Sitting in her office on Lansdowne Avenue, the executive director of the South Asian Women’s Centre said she is sad thinking about Tharshika Jeganathan — the victim of a deadly machete attack in Scarborough on Wednesday night
“I think we have to be honest with what’s going on in our community, especially with young women brides in our community. There are too many cases of abuse with newcomer brides,” said Kripa Sekhar.
Sekhar said 27-year-old Jeganathan, who was married in 2015 before coming to Canada in 2017 to join her husband 38-year-old Sasikaran Thanapalasingam, was likely terrified when she went to police in March of that year to report that her then-husband had allegedly assaulted her.
“I think she was forced to report it because she was so afraid for her life. Otherwise I don’t think she would have done it because she would have wanted to save her marriage,” she said.
Court documents obtained by Global News found that Thanapalasingam, who has now been charged with the first-degree murder of Jeganathan, was charged with assault in March 2017. But after breaching the conditions of his release by contacting his wife in May 2017, he was given a probation order restricting him from having any contact with Jeganathan for a year.
In February, a peace bond was again issued prohibiting Thanapalasingam from going near his estranged wife. It was still in effect when he surrendered to officers at Toronto Police 42 division Wednesday night.
“Once a restraining order is issued, a woman’s life is even more in jeopardy,” said Sekhar.
“I think the issue of violence and abuse against women is a global issue, but in different communities it manifests itself differently.”
Sekhar said in most cases of arranged marriages in South Asia, there’s usually a demand that the bride’s family bring jewelry and money to the groom and pay for the wedding. And sometimes coming to Canada to join the husband is also seen as a privilege.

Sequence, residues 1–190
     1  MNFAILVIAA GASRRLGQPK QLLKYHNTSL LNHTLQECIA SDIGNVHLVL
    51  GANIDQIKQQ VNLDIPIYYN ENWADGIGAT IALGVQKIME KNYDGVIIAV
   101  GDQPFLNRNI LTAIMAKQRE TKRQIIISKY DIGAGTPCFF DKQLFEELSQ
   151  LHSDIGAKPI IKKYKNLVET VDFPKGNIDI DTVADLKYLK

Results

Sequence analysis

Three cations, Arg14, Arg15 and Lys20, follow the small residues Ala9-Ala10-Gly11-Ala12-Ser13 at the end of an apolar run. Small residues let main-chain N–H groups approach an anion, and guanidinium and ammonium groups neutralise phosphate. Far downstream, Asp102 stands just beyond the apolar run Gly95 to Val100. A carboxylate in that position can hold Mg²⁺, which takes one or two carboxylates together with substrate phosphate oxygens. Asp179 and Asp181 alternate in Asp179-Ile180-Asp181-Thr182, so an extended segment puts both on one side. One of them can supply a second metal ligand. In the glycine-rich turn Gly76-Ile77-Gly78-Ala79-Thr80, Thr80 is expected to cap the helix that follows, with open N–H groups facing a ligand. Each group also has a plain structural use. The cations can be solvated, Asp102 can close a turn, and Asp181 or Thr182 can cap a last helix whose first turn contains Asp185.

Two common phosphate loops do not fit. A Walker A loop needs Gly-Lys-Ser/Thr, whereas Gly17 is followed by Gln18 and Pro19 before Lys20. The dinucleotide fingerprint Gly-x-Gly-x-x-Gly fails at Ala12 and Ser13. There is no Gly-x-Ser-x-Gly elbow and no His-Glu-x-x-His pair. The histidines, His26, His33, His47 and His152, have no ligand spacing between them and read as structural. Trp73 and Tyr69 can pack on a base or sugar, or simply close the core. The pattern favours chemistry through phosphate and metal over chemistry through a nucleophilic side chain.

“If a woman goes to police back home, there are consequences. Her life is now in danger — she has shamed the family, she has also disgraced the man,” explained Sekhar.
Sekhar said only about 10 per cent of the clients who access the counselling services at the South Asian Women’s Centre, including a program entitled “violence against women,” finally make a decision to leave. The centre works closely with the shelters to get women in when they’re ready. They give women safety plans and provide them with legal support.
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Mirusha Yogarajah, a social justice advocate for the Tamil community, said the stigma around domestic violence and around divorce means many women have a difficult time leaving a relationship.
She said she’s alarmed because she doesn’t see a shift in the culture, adding she believes there’s a cultural acceptance of violence that’s perpetuated with movies and media perpetuating misogyny.
Yogarajah said there needs to be more awareness, support and access to resources. Speaking about Jeganathan, she said she feels sad that her life ended so tragically.
“I think that she was incredibly brave, and I don’t know that a peace bond or a restraining order is sufficient to protect a woman. I don’t think the system was made to protect her,” Yogarajah said.